There’s legitimate competition brewing in this new segment, and as one of the stalwarts, Porsche appears to be opting for a measured approach on the matter. Let everyone get their turn in the spotlight, and when it’s time, the German automaker will come back with a vengeance.
Continue reading for the full story.
Porsche 960 Could Be Delayed Until 2026
Every automaker has its unicorn. It’s the car that’s been rumored to be built for quite some time but has yet to happen for one reason or another. For Porsche, that model could very well be the 960, the two-seater, mid-engine sports car that the company touts as its answer to whatever Ferrari has on its roster. It’s supposed to slot between the range-topping Porsche 911 Turbo S and the Porsche 918 Spyder and the last we heard about it is that it was scheduled to be released in 2019. Well, according to Automotive News, that timetable is now unlikely to be met.
A source close to the situation even told the news site that production for the 960 has been pushed back to 2026. That’s a significant amount of time that legitimately puts into question the status of the 960. Will it still be a part of Porsche’s plans in five years? Will it be scrapped entirely at some point? These are the questions that are being asked and you can be sure that more questions will arise the longer the wait for the 960 becomes.
What’s clear at this point is that the 960, like other models under the Volkswagen umbrella, has become the unwitting victim of the diesel emissions scandal that has overwhelmed the German auto conglomerate. Volkswagen CEO Matthias Mueller has already announced plans to push back or cancel some models in light of the scandal and it appears that the 960 is one of them. Even if Porsche gets the green light from the VW to finally start production of the 960, there’s no telling when that’s going to be. Don’t expect it to happen anytime soon since high-profile models like the 960 usually cost a lot of time and money to develop. Unfortunately, those are two things are in short supply as the Volkswagen Group navigates through the dieselgate mess.
So for now, let’s just sit back and wait and see what becomes of the Porsche 960. 2026 is still 10 year away and there’s no telling what’s going to become of Porsche in the years to come.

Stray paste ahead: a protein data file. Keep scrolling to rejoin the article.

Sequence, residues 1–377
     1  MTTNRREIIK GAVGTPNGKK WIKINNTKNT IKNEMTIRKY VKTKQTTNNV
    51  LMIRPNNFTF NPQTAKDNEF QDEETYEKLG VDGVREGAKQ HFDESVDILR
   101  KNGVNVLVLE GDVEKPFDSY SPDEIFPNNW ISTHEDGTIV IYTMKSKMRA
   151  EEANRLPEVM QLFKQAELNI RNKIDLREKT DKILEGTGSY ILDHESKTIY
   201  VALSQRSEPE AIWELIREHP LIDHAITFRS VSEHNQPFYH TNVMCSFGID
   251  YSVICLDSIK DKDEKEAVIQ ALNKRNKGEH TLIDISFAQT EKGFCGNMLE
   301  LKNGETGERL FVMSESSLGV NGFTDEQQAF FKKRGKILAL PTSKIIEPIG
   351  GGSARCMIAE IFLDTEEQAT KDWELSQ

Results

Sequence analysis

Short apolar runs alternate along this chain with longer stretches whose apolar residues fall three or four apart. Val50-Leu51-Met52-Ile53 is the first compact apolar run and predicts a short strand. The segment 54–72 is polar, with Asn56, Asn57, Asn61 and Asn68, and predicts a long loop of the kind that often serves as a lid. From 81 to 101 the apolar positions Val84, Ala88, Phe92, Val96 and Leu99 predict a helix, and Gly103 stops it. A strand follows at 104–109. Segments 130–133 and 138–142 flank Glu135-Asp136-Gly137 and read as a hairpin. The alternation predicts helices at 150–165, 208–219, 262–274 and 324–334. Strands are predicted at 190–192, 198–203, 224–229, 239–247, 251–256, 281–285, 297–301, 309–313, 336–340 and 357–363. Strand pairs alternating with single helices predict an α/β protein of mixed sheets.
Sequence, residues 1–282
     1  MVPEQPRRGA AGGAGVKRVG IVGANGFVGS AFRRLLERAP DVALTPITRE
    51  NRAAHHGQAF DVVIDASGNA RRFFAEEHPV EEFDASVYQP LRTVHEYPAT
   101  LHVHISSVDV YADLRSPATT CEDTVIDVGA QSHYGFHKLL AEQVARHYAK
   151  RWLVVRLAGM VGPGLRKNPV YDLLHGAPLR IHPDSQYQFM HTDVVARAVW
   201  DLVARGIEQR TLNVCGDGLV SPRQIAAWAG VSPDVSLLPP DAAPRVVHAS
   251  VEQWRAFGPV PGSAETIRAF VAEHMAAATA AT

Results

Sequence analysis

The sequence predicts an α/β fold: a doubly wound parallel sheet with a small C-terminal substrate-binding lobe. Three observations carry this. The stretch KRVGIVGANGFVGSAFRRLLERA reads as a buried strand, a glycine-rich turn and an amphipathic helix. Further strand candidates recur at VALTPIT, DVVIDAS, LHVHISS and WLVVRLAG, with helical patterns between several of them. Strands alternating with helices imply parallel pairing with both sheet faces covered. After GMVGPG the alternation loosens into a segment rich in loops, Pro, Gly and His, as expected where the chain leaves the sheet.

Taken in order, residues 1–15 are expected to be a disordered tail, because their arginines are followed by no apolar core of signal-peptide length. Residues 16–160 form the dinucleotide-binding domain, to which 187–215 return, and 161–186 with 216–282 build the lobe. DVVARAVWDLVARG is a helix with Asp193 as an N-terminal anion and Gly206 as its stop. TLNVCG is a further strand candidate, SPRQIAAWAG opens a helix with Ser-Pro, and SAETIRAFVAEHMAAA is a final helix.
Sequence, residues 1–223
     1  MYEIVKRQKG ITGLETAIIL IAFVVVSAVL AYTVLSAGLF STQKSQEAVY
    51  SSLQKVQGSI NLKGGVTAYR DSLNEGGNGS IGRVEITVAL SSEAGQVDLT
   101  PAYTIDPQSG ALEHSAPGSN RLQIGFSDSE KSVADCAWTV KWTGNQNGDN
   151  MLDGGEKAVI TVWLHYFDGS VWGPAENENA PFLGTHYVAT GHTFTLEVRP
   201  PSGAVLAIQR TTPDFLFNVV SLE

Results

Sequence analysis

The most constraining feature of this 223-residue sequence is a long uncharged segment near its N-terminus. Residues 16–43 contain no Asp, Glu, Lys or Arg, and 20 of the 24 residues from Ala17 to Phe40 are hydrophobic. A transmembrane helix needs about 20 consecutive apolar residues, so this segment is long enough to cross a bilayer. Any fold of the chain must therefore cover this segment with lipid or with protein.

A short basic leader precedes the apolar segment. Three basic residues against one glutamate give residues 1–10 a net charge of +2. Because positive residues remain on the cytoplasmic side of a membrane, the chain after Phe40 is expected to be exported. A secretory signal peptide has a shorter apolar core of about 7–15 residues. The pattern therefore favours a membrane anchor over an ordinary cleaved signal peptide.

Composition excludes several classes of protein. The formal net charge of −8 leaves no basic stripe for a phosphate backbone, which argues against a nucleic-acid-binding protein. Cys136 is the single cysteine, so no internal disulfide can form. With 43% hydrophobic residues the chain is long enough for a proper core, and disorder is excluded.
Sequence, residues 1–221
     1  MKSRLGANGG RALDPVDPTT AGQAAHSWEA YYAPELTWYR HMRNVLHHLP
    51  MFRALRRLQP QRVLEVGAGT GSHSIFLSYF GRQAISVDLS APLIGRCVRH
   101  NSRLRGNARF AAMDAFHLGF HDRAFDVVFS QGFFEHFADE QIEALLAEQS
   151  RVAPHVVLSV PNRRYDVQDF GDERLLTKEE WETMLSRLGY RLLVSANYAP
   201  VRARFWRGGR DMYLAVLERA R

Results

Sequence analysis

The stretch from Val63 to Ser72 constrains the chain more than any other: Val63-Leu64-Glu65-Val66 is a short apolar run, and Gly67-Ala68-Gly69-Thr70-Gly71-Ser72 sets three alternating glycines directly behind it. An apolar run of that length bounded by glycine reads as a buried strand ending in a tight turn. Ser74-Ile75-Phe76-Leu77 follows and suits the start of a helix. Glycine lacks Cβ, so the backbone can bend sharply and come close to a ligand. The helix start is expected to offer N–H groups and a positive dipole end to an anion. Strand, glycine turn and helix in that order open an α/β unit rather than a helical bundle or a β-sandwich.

Note: Porsche 918 Spyder pictured here.
Continue after the jump to read the full story.
The Recall Bug Takes Another Bite Off Of The Porsche 918 Spyder
With all the technological advances contained within the Porsche 918 Spyder, the thought of seeing the car subjected to a recall seems far-fetched, maybe even ridiculous. And yet, the 918 Spyder has actually been recalled a handful of times already. It’s had rear axle control arms issues. It’s had defective chassis parts. Now it’s once again being recalled for what Porsche is saying as potential problems attributed to the hypercar’s seatbelts.
Apparently, a mistake in the 918 Spyder’s original parts catalog may have led technicians to install the wrong screw in the wrong location, leaving both the seat belt mount and the belt reel mount unsecured. Since the screws are one-time-use only, there’s no way for Porsche to put them back in their proper place. So the company is issuing the recall so it check the fastening screws on the seat belt mount and on the belt reel to ensure that they’re right where they’re supposed to be.
In the event that they’re not, Porsche will replace the screws on all affected models of the 918 Spyder. Since this involves the automaker’s most high-profile performance car, the company is understandably treating this with the proper amount of caution. It’s not clear if this recall affects all 918 units of the hypercar but Porsche is recalling a large portion anyway, just to be sure.
Owners of the hypercar are encouraged to contact their respective Porsche dealers, wherever they may be in the world, to know more about the recall and how they can have their respective 918 Spyders inspected for the faulty screws.
Continue after the jump to read the full story.